Bernard, Callahan fires continue to slowly grow
A U.S. Forest Service map shows the outline of the Bernard Fire, which straddles the border between Bonner and Kootenai counties
Staff Writer | September 20, 2020 1:00 AM
BAYVIEW — The Bernard Fire continues to slowly move west in the area north of Bernard Peak, U.S. Forest Service officials said Saturday.
Crews, heavy equipment and engines are continuing to strengthen the existing fire line, remove snags and build dozer lines to ties in with one running north along one created by Stimson Lumber crews. An additional control line also is under construction as crews battle the 1,357-acre fire near Bernard Point overlooking Echo Bay.
The fire, detected Sept. 7, is human-caused and is under active investigation.
USFS officials said Panhandle Hotshots firefighters are working along West Gold Creek to keep the fire on the north side of drainage. In addition, engines and heavy equipment are improving control lines along USFS Road 2707 on the southeast and eastern flanks of the fire.
Boaters are advised to stay clear of Echo Bay as two helicopters are dipping buckets of water in the area to drop on both sides of the fire.
Crews are working to clear a shaded fuel break west of Lakeview as well finish structural protection, and install sprinklers at Gold Creek Resort, which is under threat from the fire.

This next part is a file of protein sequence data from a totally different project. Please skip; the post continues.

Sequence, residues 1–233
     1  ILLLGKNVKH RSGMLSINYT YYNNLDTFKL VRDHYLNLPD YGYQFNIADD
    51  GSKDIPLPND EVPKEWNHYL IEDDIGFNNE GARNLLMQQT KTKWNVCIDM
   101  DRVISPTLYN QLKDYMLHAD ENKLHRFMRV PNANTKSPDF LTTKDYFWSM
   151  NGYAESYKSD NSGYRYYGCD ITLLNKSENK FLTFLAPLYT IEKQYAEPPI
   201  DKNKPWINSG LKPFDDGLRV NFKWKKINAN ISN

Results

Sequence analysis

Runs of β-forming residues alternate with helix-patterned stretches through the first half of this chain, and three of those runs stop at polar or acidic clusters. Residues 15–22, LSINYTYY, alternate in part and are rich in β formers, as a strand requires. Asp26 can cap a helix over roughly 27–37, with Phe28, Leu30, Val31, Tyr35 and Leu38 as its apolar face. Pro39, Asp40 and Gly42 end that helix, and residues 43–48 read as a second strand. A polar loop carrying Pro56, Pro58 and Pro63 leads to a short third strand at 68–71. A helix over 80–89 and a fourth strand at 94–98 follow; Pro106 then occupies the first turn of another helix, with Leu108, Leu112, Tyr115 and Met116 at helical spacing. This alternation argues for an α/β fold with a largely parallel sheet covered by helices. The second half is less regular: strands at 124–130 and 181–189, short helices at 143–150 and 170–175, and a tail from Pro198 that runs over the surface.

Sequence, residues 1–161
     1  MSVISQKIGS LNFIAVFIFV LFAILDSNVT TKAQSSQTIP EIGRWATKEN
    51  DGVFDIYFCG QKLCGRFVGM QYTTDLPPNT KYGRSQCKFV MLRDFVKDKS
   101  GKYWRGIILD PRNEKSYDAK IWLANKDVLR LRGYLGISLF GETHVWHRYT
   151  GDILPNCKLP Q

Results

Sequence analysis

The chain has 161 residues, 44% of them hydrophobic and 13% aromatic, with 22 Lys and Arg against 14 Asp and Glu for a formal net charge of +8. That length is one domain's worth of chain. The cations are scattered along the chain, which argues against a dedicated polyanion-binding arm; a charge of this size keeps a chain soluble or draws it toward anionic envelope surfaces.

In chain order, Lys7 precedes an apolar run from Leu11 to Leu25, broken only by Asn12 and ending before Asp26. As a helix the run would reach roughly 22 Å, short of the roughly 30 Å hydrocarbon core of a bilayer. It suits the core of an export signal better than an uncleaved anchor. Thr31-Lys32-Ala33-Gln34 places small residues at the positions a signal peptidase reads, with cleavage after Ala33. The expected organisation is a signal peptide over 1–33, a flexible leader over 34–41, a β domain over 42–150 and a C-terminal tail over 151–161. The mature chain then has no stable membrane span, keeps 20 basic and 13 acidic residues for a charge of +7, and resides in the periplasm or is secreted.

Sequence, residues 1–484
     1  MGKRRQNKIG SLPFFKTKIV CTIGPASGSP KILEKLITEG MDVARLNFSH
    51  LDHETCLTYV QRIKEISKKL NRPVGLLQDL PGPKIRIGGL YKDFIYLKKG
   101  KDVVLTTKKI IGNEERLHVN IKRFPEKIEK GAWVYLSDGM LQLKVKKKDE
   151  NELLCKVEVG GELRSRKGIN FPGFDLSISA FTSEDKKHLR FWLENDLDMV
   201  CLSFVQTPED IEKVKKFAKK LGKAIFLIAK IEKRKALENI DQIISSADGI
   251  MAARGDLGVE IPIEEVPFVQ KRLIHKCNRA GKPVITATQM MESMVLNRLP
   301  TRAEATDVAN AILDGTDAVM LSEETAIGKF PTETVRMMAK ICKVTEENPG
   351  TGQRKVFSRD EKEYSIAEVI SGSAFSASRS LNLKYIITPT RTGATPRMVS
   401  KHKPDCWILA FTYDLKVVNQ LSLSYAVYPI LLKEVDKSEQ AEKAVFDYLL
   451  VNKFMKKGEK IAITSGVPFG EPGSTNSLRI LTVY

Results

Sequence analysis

While there are no evacuations associated with the fire, an area closure was put in place Sept. 9. In addition, Farragut State Park closed Trail 37 to Bernard Peak due to safety risks from the fire, USFS officials said.
Residents are advised to use caution if they use Bunco Road, Road 332 and Road 278 to Lakeview as the roads are being used by crews as their main access to the fire.
Over on the Idaho/Montana border, containment of the Callahan Fire has reached 10% as crews successfully cooled the fire’s edge to the north of Road 4541 on the south end of the fire, USFS officials said. Firefighters plan to take advantage of the cooler, wet weather to work directly on the fire’s edge to complete the containment line.
Minimal growth of the fire — estimated at 1,676 — is expected over the next couple days.
Smoke is impacting the ability to see what the fire activity is as well as how much the fire has increased in size, officials said on InciWeb, an interagency information management system. Currently, crews are directly attack along the fire edge and preparing contingency line in the event the direct attack fails, officials said.
The fire, located about nine miles southwest of Troy, is about 10% contained.